Coronavirus Roundup: March 24
Here’s the first in a series of rundowns on auto industry activity related to the coronavirus pandemic:
Aston Martin will suspend all production in the U.K.—including its new DBX crossover—tonight until at least April 20 or when market conditions improve.
Ford will extend its plant shutdowns in the U.S., Canada and Mexico indefinitely beyond the original March 30 deadline, pending market developments.
Ford also has added India, South Africa, Thailand and Vietnam to its list of suspended production locations. Ford says the shutdowns will last “several weeks.”
Marelli, which last week suspended production at most of its European plants, is doing the same at “many” plants in N. America until its OEM customers in the region resume operations.
Mazda is idling most of its plants in Japan (for 13 days beginning March 24), Mexico (10 days starting March 25) and Thailand (10 days from March 30). The company cites parts supply problems and a sharp drop in sales.
Toyota will halt production at five Toyota and Hino assembly plants in Japan on April 3. The shutdowns will last for 3-12 days, depending on the facility and subject to a revival in demand.
Volkswagen plans to idle two assembly plants in Russia from March 30 to April 10 because of parts shortages, Reuters reports.
Europe’s steel industry, which never fully recovered from the Great Recession in 2008-2009, is cutting back again because auto production has been suspended.
India’s auto industry has shut down for several weeks. The duration will depend on government policy.
Fiat Chrysler Automobiles confirms to Reuters it is converting an auto plant in China to supply protective face masks at a rate of 1 million per month to healthcare providers in North America. Production is to begin in a few weeks.
Renault workers in Spain who are working from home are conducting a small-scale test using 3D printers to make frames that hold face shields, Reuters reports. The visors are in global short supply among healthcare workers.
Tesla rounded up nearly 1,300 FDA-approved ventilators in China, shipped them to Los Angeles over the weekend and is working with hospital groups on distribution. Calif. Gov. Gavin Newsom called it “an heroic effort.” *** Update (4/2/2020) Telsa delivered the wrong machines.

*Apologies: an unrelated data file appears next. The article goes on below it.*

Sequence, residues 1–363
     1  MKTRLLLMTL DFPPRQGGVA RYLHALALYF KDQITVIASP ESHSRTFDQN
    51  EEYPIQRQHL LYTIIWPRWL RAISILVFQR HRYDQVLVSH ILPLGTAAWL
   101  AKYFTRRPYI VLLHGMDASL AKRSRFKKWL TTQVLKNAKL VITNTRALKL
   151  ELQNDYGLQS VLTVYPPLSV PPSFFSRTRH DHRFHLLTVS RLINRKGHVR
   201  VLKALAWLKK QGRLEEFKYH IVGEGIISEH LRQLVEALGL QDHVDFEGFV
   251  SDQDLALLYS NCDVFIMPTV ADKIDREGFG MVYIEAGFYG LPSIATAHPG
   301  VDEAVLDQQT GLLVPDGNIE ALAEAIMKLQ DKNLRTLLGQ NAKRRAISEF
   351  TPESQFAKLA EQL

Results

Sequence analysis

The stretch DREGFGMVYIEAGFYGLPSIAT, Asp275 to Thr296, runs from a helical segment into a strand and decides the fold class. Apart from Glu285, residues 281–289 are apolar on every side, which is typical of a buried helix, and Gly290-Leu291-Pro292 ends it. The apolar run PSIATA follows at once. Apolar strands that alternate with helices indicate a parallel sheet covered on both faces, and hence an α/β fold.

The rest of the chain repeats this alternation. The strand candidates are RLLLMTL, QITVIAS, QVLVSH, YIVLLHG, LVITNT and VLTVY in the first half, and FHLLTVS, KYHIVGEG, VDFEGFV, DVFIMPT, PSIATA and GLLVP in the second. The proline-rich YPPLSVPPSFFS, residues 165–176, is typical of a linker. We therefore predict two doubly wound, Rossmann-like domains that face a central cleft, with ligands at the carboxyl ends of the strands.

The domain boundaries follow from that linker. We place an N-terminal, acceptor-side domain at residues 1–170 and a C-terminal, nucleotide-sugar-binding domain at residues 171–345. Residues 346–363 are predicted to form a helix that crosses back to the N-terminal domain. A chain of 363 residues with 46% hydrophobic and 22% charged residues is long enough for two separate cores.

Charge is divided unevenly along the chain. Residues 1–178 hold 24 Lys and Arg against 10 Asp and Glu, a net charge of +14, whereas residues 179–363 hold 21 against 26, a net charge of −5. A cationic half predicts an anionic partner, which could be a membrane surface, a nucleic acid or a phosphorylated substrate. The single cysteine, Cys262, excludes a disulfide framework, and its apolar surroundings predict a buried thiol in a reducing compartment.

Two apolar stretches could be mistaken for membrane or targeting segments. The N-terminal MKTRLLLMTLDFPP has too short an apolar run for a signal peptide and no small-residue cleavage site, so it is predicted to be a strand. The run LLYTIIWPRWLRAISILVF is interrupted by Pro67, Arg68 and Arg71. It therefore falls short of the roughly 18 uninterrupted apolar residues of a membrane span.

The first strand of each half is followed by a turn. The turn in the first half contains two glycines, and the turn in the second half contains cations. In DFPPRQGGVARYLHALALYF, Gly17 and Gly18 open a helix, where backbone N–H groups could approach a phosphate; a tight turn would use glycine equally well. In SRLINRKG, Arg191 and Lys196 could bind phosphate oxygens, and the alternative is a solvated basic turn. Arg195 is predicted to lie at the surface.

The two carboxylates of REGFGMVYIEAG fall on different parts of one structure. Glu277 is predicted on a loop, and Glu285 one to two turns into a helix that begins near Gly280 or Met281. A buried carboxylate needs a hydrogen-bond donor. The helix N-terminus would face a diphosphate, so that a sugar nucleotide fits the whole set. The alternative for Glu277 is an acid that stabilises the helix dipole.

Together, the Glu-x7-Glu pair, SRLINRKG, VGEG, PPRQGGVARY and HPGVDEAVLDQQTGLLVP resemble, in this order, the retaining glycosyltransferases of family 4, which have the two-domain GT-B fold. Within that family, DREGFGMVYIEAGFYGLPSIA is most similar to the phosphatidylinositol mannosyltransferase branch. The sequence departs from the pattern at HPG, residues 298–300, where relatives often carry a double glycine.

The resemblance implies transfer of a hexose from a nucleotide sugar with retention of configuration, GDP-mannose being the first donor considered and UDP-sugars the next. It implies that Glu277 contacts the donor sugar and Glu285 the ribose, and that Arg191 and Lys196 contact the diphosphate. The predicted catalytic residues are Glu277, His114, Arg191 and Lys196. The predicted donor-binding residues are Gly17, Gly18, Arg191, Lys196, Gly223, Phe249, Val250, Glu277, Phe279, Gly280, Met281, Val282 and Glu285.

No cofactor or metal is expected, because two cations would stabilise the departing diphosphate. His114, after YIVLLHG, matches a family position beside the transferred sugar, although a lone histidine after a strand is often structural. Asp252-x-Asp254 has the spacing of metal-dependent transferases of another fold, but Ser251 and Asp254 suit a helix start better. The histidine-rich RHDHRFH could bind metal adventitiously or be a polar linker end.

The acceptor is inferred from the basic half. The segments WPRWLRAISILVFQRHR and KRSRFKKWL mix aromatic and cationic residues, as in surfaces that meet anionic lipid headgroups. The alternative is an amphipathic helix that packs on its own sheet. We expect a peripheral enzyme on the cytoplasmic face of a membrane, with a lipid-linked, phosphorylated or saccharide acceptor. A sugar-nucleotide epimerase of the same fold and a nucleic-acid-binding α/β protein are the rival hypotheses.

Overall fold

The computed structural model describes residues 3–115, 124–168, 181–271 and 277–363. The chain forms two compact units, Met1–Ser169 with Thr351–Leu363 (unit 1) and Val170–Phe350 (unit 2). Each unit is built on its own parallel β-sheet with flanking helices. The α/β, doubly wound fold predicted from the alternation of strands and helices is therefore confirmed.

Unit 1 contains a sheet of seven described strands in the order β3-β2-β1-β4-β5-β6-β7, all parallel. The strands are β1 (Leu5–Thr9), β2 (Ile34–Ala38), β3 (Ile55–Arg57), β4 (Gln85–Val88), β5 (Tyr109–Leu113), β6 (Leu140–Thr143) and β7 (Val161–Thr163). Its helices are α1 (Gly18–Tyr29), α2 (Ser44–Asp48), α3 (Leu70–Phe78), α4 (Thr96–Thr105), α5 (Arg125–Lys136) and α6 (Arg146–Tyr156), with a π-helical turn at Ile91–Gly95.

GM will use its credit lines to boost its cash reserve by $16 billion. The company wants to stockpile cash while it can as global markets get increasingly uncertain. Ford did the same thing last week.
Ford’s credit rating took a hit. Fitch Ratings cited “significant concerns” about the company’s short-term financial performance as it dropped Ford’s ratings to one step above “junk.” Ford is already in junk territory at Moody’s and one step above it at Standard and Poor’s Ratings.
Trade groups representing everyone from dealers to OEMs are urging Congress to do whatever it takes to ensure sufficient liquidity—meaning new loan options—for an industry they predict will see new-car sales plunge 40% this month.
Additive manufacturing (AM) is just one manufacturing method that drives advanced mobility forward and also has a history of embracing the digital connectivity demanded by this trend.
According to Kunihiro Hoshi, chief engineer for the GX 470: “Three of my top goals were to create a body-on-frame vehicle with sweeping off-road performance and unibody-like on-road capability, and, of course, it had to meet the Lexus quality standard.” He met his goals. But why would anyone want to bang this vehicle around on rocks?
For the right parts, or families of parts, an automated CNC turning cell is simply the least expensive way to produce high-quality parts. Here’s why.